Dean’s only the latest in a gallery of notables she’s documented: Martin Scorsese, Stephen Frears, Francis Ford Coppola, John Singleton, Bernardo Bertolucci, Tom Stoppard, Arthur Miller, Richard Dreyfuss, Elizabeth Taylor, Cher, Whoopi Goldberg, Joni Mitchell, Bobby McFerrin, Paul McCartney, Yo-Yo Ma, Franco Zeferelli, Red Auerbach. Besides American Masters, her work has appeared on PBS’s Great Performances, the A & E network and the satellite channel VOOM.

Her work reflects an eclectic background. She grew up the only daughter of “an erudite” Nebraska Jewish family with a string of retail clothing stores and a taste for the arts and humanities. Her extended family included a pair of English teachers/published poets and a psychologist pioneer in the field of aging. Levin earned an education degree at the University of Wisconsin-Madison and did grad work at Wheelock College in Boston. A die-hard cineast since seeing Fellini’s 8 1/2 at the Dundee Theater as a teen, she was inspired by the heady free cinema movement in the ‘60s to try her hand at filmmaking. She returned to school, this time at Boston University, for a mixed educational media and filmmaking doctorate.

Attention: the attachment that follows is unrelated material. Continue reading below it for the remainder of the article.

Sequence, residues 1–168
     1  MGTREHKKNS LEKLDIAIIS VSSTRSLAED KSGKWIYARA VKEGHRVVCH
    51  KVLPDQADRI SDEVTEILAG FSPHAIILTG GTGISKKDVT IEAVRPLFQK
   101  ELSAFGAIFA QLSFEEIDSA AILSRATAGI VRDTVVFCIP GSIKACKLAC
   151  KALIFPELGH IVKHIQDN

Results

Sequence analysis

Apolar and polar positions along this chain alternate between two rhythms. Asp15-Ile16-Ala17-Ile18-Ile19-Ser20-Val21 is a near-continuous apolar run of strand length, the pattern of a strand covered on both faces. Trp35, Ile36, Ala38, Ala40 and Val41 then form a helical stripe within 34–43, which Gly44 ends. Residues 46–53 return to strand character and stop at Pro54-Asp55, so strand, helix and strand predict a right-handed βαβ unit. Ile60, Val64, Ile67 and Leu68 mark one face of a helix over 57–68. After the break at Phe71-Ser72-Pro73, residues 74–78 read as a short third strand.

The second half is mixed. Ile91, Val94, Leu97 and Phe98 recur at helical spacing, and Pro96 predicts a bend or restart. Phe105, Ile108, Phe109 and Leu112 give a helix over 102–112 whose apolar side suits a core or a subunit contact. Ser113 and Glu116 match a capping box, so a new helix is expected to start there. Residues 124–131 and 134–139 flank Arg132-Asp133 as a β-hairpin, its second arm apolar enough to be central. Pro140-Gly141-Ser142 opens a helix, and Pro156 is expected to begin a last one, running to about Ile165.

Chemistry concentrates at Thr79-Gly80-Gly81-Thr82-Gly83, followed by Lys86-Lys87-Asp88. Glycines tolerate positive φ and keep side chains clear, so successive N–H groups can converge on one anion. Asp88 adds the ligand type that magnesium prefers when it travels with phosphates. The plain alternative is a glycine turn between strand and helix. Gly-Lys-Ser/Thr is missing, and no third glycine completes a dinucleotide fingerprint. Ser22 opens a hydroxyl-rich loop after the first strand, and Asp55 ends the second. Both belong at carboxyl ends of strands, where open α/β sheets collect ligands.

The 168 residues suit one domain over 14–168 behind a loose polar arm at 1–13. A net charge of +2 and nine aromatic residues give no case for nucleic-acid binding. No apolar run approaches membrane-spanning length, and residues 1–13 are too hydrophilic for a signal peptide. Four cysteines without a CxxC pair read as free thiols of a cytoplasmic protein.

A Boston WBZ-TV kids show internship led to an associate producer’s job that became a senior producer slot. She evolved into the independent filmmaker she is today, going from essaying a rite-of-passage on the open sea to sweating out a shoot in the scorching desert to recording candid conversations in hallowed halls with luminaries from the worlds of sport, art, entertainment and academia.

She considers her work a calling.

“I’ve been so blessed. I have had a career that I love and that I hope is not going to end any time soon,” she said. “As hard as it is sometimes, I don’t even care. When you know the roller coaster, you know how to ride it. Besides, I don’t know how to do anything else. You know, you are lucky in this life if you get to do a couple of the things you really want to do, and I already have, so, I think I’m already ahead of the game. I’ve had hugely impassioned projects…and I’ve been able to see them go from the moment that little light went on in my head to the final edit.”